On the patio of the New Dorm last week, the intervarsity of international students gathered around a hearty bonfire, roasting s’mores and chatting about their week.
“I met amazing people and got to talk about Colombia, my college experience and even played some Colombian music,” Juan Vargas Hernandez, a second-semester sophomore and transfer student from Colombia, said. “After that, a friend and I decided to have a Hispanic night, which we are working on.”
Former Kenyan student Monicah Wanjiru ‘18 started the ministry group in 2015 after meeting an international student who felt very alone and wanted to leave Hillsdale — a place where it seemed that no one understood her and that was more religious than she was used to.
“It was the most religious environment she’d been in,” Wanjiru said, “and the most lonely she’d ever felt…I thought, for the first person to welcome her to America to be a Christian and to love on her, that for a non-Christian opens so many doors.”
The intervarsity is growing more popular and well-known as sophomores Sofia Krusmark and Emille Martelli strive to foster global relationships on campus and explore new events for campus this year.
“I want to be able to cater events to their interest,” Krusmark said. “I want all of them to feel comfortable. I want them to come because they want to hang out with each other and be part of a community that welcomes them and accepts them.”
Intervarsity staffer Griffith Brown ’17 said the group partnered with Countryside Bible Church and presented the students with care packages filled with the basics — towels, blankets, toiletries, and contact information. They are hoping to schedule more events like the bonfire as well as give them options for Thanksgiving, fall, and Christmas breaks.
“On the radar right now are fall break and Thanksgiving break, which can be tough for international students because they don’t have anywhere to go,” Brown said. “So we’re coordinating with some local churches and with Countryside to get them a place to be.”
Although the intervarsity cultivates a Christian outlook and mission, Martelli said the primary focus is developing authentic friendships.
“The goal is for the international students to connect with each other and to connect with Christians on campus,” Martelli said. “This ministry is focused on welcoming the internationals, helping them integrate into campus culture, and…more specifically, we want our ministry to be very relationally focused…and we want it to be a place where they can explore their beliefs.”
Krusmark agreed, saying that though they want to connect the students with Christians on campus, they believe that getting them settled and integrated into Hillsdale is the main goal.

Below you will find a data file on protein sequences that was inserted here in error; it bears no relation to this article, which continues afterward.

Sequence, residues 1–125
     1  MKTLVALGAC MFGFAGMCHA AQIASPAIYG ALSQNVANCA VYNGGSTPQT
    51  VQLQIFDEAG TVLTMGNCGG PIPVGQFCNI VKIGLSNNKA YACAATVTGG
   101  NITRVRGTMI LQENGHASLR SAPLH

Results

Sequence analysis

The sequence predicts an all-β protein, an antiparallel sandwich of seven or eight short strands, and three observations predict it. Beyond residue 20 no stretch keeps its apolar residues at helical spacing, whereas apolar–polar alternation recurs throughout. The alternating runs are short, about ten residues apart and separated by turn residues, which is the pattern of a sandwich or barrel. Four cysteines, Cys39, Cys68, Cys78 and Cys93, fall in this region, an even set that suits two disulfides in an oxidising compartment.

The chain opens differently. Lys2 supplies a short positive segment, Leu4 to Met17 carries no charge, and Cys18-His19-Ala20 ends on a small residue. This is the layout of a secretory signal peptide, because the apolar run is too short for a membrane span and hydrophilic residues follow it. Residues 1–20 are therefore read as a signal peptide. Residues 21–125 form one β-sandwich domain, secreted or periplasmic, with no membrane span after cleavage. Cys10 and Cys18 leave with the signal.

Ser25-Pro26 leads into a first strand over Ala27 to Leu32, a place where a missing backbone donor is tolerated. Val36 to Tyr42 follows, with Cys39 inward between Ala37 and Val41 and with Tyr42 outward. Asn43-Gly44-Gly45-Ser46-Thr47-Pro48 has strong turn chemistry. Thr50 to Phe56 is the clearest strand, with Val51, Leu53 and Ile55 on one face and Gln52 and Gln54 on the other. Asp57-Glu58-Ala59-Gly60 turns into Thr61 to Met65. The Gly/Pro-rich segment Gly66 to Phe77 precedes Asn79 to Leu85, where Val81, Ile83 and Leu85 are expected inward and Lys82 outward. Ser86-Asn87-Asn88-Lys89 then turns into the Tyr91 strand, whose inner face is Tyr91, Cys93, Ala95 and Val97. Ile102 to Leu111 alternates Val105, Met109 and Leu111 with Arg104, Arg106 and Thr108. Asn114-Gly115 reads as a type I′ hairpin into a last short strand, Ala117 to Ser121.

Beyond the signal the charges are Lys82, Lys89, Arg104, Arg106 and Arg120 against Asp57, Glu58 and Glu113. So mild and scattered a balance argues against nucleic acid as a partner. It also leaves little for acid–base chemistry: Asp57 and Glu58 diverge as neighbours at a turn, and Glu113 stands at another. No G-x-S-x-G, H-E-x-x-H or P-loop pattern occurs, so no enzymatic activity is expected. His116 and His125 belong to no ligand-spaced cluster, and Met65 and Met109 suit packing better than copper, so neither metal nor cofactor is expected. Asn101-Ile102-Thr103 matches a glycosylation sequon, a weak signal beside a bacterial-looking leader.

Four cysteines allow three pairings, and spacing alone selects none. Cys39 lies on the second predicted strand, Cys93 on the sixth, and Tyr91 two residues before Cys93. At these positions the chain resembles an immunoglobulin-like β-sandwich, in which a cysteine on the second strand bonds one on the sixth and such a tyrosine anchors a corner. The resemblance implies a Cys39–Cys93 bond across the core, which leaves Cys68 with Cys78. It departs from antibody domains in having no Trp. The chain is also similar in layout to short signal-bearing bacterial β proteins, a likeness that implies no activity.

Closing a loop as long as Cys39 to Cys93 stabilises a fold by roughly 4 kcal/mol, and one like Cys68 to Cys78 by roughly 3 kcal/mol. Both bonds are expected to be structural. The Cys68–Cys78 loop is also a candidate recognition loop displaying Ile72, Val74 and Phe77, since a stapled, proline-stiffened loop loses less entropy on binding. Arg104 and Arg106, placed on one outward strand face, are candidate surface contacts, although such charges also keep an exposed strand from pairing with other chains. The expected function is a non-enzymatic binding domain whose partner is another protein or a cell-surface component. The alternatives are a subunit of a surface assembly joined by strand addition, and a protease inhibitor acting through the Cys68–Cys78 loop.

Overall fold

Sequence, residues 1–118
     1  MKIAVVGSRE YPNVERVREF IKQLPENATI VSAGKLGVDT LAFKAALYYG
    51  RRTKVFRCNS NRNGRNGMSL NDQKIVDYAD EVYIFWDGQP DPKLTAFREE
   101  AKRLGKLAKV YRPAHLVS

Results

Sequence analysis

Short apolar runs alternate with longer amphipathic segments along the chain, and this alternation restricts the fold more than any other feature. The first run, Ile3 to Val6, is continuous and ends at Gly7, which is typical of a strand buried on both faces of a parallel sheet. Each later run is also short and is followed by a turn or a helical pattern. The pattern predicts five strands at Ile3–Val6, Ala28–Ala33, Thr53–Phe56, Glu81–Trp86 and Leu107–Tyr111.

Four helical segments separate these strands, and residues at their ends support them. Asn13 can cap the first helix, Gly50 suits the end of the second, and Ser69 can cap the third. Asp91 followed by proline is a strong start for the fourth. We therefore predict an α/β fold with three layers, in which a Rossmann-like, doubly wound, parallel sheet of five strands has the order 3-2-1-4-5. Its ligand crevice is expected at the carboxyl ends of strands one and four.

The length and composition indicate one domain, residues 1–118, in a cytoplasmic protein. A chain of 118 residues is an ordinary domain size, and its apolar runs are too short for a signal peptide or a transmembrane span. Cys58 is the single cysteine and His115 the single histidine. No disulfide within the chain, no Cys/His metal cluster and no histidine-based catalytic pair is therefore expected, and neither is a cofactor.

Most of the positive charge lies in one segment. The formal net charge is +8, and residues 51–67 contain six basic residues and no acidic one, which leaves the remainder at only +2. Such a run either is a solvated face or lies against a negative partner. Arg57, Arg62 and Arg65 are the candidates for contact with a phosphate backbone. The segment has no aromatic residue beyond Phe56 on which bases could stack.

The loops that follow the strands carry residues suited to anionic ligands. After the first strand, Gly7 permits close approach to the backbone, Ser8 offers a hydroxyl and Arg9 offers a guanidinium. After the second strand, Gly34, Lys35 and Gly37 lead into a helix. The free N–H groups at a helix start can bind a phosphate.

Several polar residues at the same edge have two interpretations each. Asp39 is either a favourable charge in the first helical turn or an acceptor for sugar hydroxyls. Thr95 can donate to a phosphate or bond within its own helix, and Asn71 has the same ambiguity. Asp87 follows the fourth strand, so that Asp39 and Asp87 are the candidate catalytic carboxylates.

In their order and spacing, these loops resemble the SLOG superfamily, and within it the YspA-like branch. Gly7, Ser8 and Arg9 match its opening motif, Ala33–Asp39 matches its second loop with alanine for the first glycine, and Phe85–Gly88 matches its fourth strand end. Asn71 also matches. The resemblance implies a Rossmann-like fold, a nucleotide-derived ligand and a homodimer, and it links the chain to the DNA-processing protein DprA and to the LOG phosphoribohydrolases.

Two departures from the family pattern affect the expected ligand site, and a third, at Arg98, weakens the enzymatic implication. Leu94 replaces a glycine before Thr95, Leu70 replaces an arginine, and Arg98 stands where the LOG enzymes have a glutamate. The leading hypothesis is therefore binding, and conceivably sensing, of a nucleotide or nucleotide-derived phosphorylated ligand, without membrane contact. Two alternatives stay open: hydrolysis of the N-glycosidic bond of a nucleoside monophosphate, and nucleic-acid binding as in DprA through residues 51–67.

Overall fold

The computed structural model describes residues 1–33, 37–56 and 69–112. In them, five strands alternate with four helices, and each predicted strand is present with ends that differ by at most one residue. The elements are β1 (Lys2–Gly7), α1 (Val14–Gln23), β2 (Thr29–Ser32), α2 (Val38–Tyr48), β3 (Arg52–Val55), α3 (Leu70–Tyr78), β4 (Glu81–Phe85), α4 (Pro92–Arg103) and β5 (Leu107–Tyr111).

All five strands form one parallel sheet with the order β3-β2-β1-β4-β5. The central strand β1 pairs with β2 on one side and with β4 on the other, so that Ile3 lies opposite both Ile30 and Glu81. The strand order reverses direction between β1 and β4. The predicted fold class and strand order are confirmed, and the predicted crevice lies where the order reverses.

“It’s just honestly building relationships with them…and having intentional relationships,” Krusmark said. “And also just making them feel homier at Hillsdale…Students here who are from America get really homesick. And imagine being in a place that’s not even remotely like your culture.”
Intervarsity approached Krusmark and Martelli about leadership opportunities for the international students’ group, and both found that they had personal connections with the group. Krusmark’s mother is from Chile so she grew up in a multicultural environment where she ate Hispanic food and had people come unexpectedly to her house at late hours.
“It was a whole culture that was in my life,” Krusmark said. “This friendliness and this joy and love that are so different in some ways from our American culture, so meeting with students from Kenya or Colombia who actually get this warmth and this culture, I can relate with them.”
Martelli discovered her passion for international relations over the summer when she went to Jordan to teach English to Syrian refugees with the English Language Institute of China, a program dedicated to sending Christians to Asia to teach English as a second language. Through the ELIC program, her teaching team met the locals, refugees, and other teams.
“I loved the mix of cultures and ethnic backgrounds and I loved forming relationships with people of so many different backgrounds,” Martelli said. “I connected really well with the people in Jordan even though I didn’t speak their language and I came back from that trip with a heart for internationals and felt like God is leading me to invest in these relationships.”
The international students appreciated the goal of the ministry group as well. Kenyan freshman Rachael Kiti said she joined the intervarsity because it was nondenominational and would assist her faith.
“You cannot say it’s Anglican way, you cannot say it’s Catholic way. It’s just a free way…it welcomes everyone,” Kiti said. “The long-term goal is maintaining my growth in the Christian faith…and at the moment, I expect anything good that praises God.”
Vargas Hernandez said he loves sharing his Colombian culture and learning about others’ cultures as well.
“My favorite thing is to see that so many people are very interested in getting to know us, talking to us, and learning things from our countries,” Vargas Hernandez said. “The people at Hillsdale are all very open to get to know us and that is simply amazing.”
Both Krusmark and Martelli hope to show the international students how much they love and care for them. For Krusmark, it is important to display the same kind of love Christ displays.
“Jesus has that kind of love where he runs down the driveway and he picks us up and welcomes us,” Krusmark said. “And I want to be that.”